Neil Gaiman and “a few dead Indians”

Debbie Reese of American Indians in Children’s Literature recently called attention to a 2008 interview with Neil Gaiman where the Coraline author explained why his The Graveyard Book was set in an English not American cemetery:

“The great thing about having an English cemetery is I could go back a very, very, very long way. And in America, you go back 250 years (in a cemetery), and then suddenly you’ve got a few dead Indians, and then you don’t have anybody at all, unless you decide to set it up in Maine or somewhere and sneak in some Vikings.”

Reese rightly pointed out that Gaiman’s comment was problematic. It sounds to me both ahistorical and dismissive of Native peoples. Gaiman’s quote smells of dreaded hipster racism, where what could have been said simply and clearly (I wanted the graveyard in the book to have a longer European-centered history than could be found easily in an American cemetery.) is “jazzed up” and made edgy by some throwaway offensiveness directed at brown people a la “dead Indians.” And isn’t the subtext to Gaiman’s comment that the stories of American people pre-European invasion aren’t worth telling? That may not be what Gaiman meant, but his thoughtless quip made it seem that way.

The author took to the comments section of Reese’s blog to explain himself:

I was replying to a specific question about European-style graveyards in the US and who you’d find in them and why I didn’t set THE GRAVEYARD BOOK in America, which was that they didn’t go back far enough, and they didn’t give me the dead people I wanted for the story to work. Obviously (or obviously to me) I wasn’t saying or implying that the country was uninhabited prior to the arrival of Europeans, or trying to somehow render invisible hundreds of millions of people who had inhabited this content for tens of thousands of years — especially after having very specifically written about them, and about that timespan in American Gods.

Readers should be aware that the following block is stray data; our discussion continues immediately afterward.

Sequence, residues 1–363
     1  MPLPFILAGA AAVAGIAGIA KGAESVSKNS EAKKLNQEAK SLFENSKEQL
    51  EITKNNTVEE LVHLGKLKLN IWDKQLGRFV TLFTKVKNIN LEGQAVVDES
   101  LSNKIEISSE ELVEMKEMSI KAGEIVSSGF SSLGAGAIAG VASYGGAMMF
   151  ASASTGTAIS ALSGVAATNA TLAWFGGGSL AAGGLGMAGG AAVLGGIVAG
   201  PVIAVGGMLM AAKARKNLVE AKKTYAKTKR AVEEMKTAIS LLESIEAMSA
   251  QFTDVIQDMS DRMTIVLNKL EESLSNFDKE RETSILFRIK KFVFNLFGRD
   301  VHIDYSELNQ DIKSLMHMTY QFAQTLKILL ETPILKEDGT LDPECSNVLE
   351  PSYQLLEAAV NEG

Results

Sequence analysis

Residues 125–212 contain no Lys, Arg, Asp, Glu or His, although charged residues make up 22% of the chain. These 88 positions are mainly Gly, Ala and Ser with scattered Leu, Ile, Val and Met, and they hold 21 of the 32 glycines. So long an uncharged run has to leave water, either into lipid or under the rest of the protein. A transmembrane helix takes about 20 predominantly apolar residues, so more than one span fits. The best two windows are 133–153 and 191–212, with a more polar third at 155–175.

(And, of course, European Graveyards in the US go back much further than 250 years.)

A more sensible answer to why I didn’t set The Graveyard Book in America was that I didn’t want to, but I had a microphone stuck in front of my face by the Hornbook in front of a crowd of people at Book Expo or ALA, and I babbled.

Also apologies to any Icelandic or Norwegian readers who are offended by my imprecision. Obviously none of the Newfoundland settlers were Vikings.

Based on his quip about Icelandic and Norwegian readers, I’m not so sure that Gaiman takes the critique of his comment so seriously. Certainly, a lot of his supporters in the comments section do not.

Read the dialog on American Indians in Children’s Literature. What do you think?

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About Tami

Tami Winfrey Harris writes about race, feminism, politics and pop culture at the blog What Tami Said. Her work has also appeared online at The Guardian’s Comment is Free, Ms. Magazine blog, Newsweek, Change.org, Huffington Post and Racialicious. She is a graduate of the Iowa State University Greenlee School of Journalism. She is mom to two awesome stepkids and spends her spare time researching her family history and cultivating a righteous 'fro.
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